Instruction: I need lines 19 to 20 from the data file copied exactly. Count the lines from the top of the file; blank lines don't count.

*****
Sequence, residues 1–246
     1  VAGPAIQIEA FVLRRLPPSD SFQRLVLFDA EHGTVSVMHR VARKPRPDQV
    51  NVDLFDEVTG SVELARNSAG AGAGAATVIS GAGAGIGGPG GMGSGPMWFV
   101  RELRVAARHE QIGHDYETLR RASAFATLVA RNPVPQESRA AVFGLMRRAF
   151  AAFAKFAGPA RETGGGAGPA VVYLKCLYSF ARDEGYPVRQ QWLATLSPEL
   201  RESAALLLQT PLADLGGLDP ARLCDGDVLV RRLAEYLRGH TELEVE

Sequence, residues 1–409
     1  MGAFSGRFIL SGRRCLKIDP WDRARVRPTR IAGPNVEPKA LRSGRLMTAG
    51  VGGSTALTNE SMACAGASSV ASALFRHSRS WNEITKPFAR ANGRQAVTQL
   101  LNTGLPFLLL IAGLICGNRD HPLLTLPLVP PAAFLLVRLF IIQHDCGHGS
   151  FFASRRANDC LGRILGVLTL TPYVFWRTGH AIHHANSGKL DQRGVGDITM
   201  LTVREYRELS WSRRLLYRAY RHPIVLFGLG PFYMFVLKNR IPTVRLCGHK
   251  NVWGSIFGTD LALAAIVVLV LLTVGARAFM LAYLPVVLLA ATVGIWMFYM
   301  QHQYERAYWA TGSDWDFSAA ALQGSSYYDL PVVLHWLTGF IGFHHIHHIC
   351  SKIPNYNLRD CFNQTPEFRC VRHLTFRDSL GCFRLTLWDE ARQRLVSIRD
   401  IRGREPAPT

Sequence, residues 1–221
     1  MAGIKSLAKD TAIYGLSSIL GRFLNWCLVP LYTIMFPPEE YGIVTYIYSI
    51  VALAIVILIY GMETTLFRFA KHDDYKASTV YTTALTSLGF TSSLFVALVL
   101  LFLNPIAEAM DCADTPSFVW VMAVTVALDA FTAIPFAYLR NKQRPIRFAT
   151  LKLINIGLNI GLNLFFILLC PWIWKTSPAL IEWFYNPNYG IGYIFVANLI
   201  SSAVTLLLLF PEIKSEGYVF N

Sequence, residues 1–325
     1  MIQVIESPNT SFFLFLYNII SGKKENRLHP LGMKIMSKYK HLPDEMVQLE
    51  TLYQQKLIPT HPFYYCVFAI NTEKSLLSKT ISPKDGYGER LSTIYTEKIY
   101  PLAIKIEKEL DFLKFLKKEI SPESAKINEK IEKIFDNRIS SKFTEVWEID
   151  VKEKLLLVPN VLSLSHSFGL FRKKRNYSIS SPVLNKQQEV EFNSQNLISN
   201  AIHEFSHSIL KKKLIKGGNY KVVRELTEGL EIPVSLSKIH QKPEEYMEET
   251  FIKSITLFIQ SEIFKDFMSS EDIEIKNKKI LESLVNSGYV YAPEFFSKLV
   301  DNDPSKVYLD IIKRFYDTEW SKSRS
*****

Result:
    51  VALAIVILIY GMETTLFRFA KHDDYKASTV YTTALTSLGF TSSLFVALVL
   101  LFLNPIAEAM DCADTPSFVW VMAVTVALDA FTAIPFAYLR NKQRPIRFAT